Apollo 11


Documentary / History

IMDb Rating 8.3 10 4901


Uploaded By: FREEMAN
Downloaded 126,856 times
May 04, 2019 at 09:01 PM


Johnny Carson as Himself
Hugh O'Brian as Himself
Neil Armstrong as Himself
Jack Benny as Himself
720p.BLU 1080p.BLU
793.69 MB
23.976 fps
1hr 33 min
P/S 20 / 188
1.49 GB
23.976 fps
1hr 33 min
P/S 35 / 351

Movie Reviews

Reviewed by timdalton007 10 / 10

See It On The Biggest Screen You Can

A half-century ago, Neil Armstrong stepped off the ladder of the Lunar Module Eagle and into the history books. In the decades since, that moment and the flights of NASA's Apollo program have been chronicled in seemingly countless documentaries. At the top of that list remains 1989's For All Mankind from the late Al Reinert and 2007's In The Shadow Of The Moon from British filmmakers David Sington and Christopher Riley. Up there with them now is 2019's Apollo 11, an exciting new film from Todd Douglas Miller that is begging for you to see it on the biggest screen possible.


In part because of Miller who, like those other great filmmakers of Apollo before him, wasn't content to merely do a rehash of what had come before. Miller's Apollo 11 is in part a deep dive into the NASA archives, uncovering things that even the most seasoned space enthusiast has likely never seen before. There's a wealth of pre-launch footage, for example, tracing the preparations from the rollout of the massive Saturn V rocket to the launch pad to multiple perspectives of the launch itself. Even when events move into space, there's still a wealth of rare material to experience including conversations between the astronauts themselves as well as between them and Mission Control in Houston. Even where footage that has become synonymous with the mission and the era such as the stage separations of the rocket or the Lunar Module's descent to the surface of the Moon, it's presented with clarity and scale rarely seen elsewhere. For that alone, the film renders excellent service.

It does so in other ways, as well. Unlike those two documentaries I mentioned at the top of this review, Miller doesn't use astronaut interviews (either aural or visual) to help tell the story. Instead, Apollo 11 unfolds entirely through archival sources ranging from the transmissions to the voice of NASA's public affairs or well-known TV commentators like Walter Cronkite. To help aid visually for parts of the mission where there isn't much or anything to show, the film employees simple animation alongside such commentaries. The film also makes effective use of split-screen and captions to portray mission control or to show events such as the actual walk on the Moon from multiple perspectives. As much as the footage itself on a cinema screen does, it presents the sheer scale of the endeavor but without losing the viewer in the technicalities involved in spaceflight.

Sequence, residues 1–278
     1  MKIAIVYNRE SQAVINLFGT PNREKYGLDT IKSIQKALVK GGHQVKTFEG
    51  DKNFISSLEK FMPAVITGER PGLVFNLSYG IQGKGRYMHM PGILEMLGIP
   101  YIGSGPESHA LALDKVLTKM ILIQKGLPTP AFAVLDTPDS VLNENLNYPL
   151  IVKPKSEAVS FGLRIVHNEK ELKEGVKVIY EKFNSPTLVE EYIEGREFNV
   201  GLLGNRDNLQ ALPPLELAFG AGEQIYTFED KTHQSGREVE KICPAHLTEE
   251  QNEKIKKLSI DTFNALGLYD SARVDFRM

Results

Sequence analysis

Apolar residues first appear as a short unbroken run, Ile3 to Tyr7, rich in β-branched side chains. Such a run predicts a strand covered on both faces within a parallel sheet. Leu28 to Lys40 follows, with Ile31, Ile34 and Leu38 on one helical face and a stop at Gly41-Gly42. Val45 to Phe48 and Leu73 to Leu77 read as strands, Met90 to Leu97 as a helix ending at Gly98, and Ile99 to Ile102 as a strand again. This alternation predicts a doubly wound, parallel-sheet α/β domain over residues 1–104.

In some ways, that's the greatest triumph of Apollo 11 the documentary. It's a film keen to present Apollo 11 the mission in awe-inspiring yet understandable terms, one that emphasizes how incredible in scope and achievement that flight five decades ago this July was. It's also a reminder, at a time when cinema screens find themselves increasingly dominated by would-be blockbusters and superhero flicks, of the raw power of cinema to present stories. Both of those are things we need reminding of, it seems, and the film does a superb job of both.

Reviewed by mikejfm 10 / 10

Absolutely incredible!

I rarely rate any movie a 10 but this one is definitely. The footage is so clear that I had to keep checking myself because I thought they might have filmed certain parts to complete the story. Everything is authentic. It is because of this mission and all other Apollo, Mercury, and Gemini missions that I went into the space business for a 34 year career. The launch sequence is the most incredible thing I've seen on film. I will definitely be buying the blu ray but of course it will not beat the IMAX. Very well done!

Reviewed by pismo10 9 / 10

Best footage yet.

Saw the Apollo 11 IMAX film last night. Highly recommend. No narration just the NASA announcer, communications between ship and ground plus a few other bits added such as Walter and JFK now and then. Images are amazing, esp in IMAX. It moves well, no slow moments, no soap opera, no agenda, lots of unseen footage and some new stories, pure documentary, the trip is the whole story. PDI is great, TLI is great, LM separation, footage of the crowd is great. Go see, you wont be disappointed. 90 minutes long.

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